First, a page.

What We Read Today 02 January 2014

January 2nd, 2014
in econ_news, syndication

Econintersect: Click Read more >> below graphic to see today's list.

The top of today's reading list is an expose about GMOs (genetically modified organisms) ........ and the tenth article is an update discussion of the unofficial Problem Bank List.  The bonus (11th article) is about the falling U.S. population growth rate.

Follow up:

  • The Truth About GMOs (Pamela Ronald, Boston Review) There are also nine notable replies to the article.


  • Labor Force Participation Gaps (U.S. vs. Canada) (David Andolfatto, MacroMania) Canada does not have the youth unemployment problem that exists in the U.S. See other graphs in the article. Canadian men overall and the U.S. have similar participation graphs, while Canadian women far "out-work" their U.S. counterparts.


Click on chart for much larger complete chart at Advisor Perspectives dshort.com.

  • Unofficial Problem Bank list declines to 619 Institutions, Q4 Transition Matrix (Bill McBride, Calculated Risk) Since this list was started in 2009 219 banks have failed and 372 have seen "action terminated" (they became 'healthy' again). Of the 389 banks on the list when it started 07 August 2009, 81 are still there more than 4 years later, 123 have seen "action terminated" and 185 have failed, merged or been voluntarily liquidated. The total still on the list is far greater than what was normal before the Great Financial Crisis.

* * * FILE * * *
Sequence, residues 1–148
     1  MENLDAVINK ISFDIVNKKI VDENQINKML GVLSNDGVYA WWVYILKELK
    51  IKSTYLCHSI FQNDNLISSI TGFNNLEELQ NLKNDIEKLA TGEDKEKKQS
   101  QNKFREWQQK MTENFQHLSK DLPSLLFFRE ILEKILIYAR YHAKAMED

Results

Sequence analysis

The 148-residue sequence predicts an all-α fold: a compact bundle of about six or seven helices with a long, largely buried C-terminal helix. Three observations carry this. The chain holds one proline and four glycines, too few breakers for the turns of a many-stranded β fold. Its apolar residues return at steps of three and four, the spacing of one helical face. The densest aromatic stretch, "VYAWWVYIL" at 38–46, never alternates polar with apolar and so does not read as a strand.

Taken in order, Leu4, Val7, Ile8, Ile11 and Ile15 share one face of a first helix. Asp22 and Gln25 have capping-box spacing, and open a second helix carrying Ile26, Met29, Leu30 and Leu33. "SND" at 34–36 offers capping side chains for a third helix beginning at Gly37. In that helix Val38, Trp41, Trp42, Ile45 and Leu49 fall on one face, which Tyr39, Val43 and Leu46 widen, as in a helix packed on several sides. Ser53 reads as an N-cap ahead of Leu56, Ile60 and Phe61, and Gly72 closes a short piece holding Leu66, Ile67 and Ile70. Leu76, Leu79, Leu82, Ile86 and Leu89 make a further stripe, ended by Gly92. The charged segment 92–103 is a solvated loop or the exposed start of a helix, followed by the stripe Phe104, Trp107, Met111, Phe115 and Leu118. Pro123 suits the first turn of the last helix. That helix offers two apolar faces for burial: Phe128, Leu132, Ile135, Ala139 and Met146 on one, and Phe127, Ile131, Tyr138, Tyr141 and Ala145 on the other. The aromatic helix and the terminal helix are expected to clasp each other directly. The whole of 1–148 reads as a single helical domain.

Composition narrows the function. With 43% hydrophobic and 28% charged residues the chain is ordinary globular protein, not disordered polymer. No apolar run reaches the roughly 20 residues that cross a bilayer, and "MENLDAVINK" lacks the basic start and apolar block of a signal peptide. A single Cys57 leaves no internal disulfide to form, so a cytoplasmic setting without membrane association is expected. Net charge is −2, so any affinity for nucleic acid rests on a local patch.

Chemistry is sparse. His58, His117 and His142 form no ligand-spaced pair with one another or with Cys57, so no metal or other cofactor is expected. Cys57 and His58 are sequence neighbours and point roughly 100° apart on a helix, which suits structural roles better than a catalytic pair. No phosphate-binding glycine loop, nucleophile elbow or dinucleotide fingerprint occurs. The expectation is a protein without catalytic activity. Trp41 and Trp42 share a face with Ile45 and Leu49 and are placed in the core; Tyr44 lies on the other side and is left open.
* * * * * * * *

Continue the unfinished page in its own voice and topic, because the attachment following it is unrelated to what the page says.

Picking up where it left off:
Click on graph for larger image.


U.S. Population Grows At Slowest Rate Since The Great Depression (Jillian Berman, Huffington Post)

The U.S. population grew by just 0.72 percent in the year ended July 1, 2013, the Census Bureau reported Monday. That's the slowest growth rate since 1937. Population growth has hovered at super-low levels for the past few years, according to William Frey, a senior fellow at the Brookings Institution, a nonpartisan research organization. The trend is "troubling," Frey said, and is due largely to the weak economy.

"This real sharp decline has to do with recession-related issues," Frey said. "Fewer people come into the country because there aren't as many jobs, and people are postponing child-bearing."





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